Thursday, October 20, 2005
Richard Cohen On Abortion
If a Supreme Court ruling is going to affect so many people then it ought to rest on perfectly clear logic and up-to-date science. Roe, with its reliance on trimesters and viability, has a musty feel to it and its argument about privacy raises more questions than it answers. For instance, if the right to an abortion is a matter of privacy then why, asked Princeton professor Robert P. George in The New York Times, is recreational drug use not? You may think you ought to have the right to get high any way you want, but it's hard to find that right in the constitution. George asks the same question about prostitution. Legalize it, if you want -- two consenting adults, after all -- but keep Jefferson, Madison and the boys out of it.Hmmm. The frantic efforts of NARAL and the like to paint this as a religious issue don't hold up, because many of the women I know who disapprove of abortion are not religious. The constitutional theory really doesn't hold up either. As for trimesters, etc, the real basis of a constitutional right to abortion no longer rests upon Roe but upon Casey.
Conservatives -- and some liberals -- have long argued that the right to an abortion ought to be regulated by the states. They have a point. My guess is that the more populous states would legalize it, the smaller ones would not -- and most women would be protected. The prospect of some women traveling long distances to secure an abortion does not cheer me -- I'm pro choice, I repeat -- but it would relieve us all from having to defend a Supreme Court decision whose reasoning has not held up. It seems more fiat than argument.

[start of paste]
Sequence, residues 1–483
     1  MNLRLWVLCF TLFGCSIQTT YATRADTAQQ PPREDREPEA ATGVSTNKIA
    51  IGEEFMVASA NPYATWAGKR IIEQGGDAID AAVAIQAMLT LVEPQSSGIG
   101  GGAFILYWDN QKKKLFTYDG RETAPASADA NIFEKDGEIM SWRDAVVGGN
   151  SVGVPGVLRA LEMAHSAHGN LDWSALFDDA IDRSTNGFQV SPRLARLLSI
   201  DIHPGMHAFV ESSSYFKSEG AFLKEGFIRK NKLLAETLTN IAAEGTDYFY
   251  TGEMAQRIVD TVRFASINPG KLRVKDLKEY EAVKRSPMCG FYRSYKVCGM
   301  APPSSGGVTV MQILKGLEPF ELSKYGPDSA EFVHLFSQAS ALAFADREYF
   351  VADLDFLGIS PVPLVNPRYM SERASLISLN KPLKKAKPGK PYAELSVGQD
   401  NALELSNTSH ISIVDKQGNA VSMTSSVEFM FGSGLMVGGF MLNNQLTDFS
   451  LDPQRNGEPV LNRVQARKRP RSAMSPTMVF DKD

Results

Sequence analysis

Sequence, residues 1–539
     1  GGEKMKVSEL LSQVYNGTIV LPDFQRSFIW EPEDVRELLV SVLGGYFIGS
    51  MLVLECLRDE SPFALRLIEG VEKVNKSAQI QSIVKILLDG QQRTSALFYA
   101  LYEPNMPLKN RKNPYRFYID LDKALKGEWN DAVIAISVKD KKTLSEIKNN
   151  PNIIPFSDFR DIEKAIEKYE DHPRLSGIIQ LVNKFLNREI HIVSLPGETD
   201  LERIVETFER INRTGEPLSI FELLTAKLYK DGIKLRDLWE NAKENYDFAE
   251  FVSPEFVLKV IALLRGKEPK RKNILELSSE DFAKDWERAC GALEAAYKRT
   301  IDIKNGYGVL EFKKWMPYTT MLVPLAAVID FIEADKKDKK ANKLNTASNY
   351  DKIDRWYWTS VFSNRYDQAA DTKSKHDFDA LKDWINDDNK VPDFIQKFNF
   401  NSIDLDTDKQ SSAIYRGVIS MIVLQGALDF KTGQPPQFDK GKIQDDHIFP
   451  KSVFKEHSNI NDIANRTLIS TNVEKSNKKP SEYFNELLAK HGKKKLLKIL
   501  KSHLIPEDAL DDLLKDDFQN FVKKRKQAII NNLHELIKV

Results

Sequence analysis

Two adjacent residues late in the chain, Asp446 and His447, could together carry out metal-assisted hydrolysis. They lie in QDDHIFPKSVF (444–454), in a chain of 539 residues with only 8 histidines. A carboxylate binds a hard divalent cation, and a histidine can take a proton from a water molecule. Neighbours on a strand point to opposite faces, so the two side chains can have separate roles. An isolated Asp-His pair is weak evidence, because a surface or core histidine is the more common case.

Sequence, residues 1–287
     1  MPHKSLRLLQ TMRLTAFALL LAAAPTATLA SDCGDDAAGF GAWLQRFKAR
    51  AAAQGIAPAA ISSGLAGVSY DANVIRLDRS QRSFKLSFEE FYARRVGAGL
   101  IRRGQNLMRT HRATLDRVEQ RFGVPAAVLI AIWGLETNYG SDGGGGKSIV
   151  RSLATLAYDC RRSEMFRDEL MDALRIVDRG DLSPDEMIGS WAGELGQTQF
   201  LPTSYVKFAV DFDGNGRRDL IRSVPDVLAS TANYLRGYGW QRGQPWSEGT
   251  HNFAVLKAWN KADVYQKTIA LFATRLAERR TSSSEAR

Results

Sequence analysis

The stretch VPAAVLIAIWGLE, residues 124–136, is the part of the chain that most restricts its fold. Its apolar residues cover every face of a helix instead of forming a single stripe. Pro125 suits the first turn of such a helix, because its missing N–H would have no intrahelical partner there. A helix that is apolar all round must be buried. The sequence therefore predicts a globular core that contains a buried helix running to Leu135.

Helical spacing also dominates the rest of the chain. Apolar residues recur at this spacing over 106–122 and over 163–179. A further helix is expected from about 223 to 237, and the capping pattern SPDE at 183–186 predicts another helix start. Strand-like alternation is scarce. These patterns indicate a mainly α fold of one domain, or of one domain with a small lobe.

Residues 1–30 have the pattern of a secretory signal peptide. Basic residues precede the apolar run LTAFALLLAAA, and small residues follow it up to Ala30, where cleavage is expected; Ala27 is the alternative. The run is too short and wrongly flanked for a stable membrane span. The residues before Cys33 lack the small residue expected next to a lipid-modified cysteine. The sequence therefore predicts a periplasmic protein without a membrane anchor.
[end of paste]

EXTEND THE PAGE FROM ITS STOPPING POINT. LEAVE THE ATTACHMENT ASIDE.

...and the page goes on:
I'm no fan of Hillary, but I credit her for standing and saying there are too many abortions- a direct affront to NARAL, et al. And, I credit her for not backing down.
Cohen's admission that his own pro choice point of view is more nuanced, is in line with a lot more Americans than he might imagine.
What really interested me is that he is willing to admit that grounding abortion in the Constitution is problematic.
I think Richard Cohen is on a one man crusade to rescue the Democratic party from its slough of despond.
I am now pro-choice. But I was once a harden pro-life. Then I was an atheist. And now I am far religious than before, I am pro-choice (because I think that it is not my place to tell people what to do). Religion has nothing to do with one position on abortion.
I can't see how one can make reasonable laws covering all aspects of abortion. I think that if most states tried to craft a law limiting it they'd quickly give up in except in the most extreme circumstances.
But I liked Cohen's willingness to concede the oddity of the "constitutional mandate".
It may even be true that there is no LOGICAL connection between religion, in a broad sense, and one's views on abortion, but the ideas that people commonly take to be compatible never seemed to me to be based as much on logic as on tradition.
The political reality in the US seems to be that people who have strong religious views, by which I mean mainstream or traditional Judeo-Christian and Muslim religionists, are vastly more likely to see abortion as contrary to their religion, in the same way that murder is, than people whose views differ.
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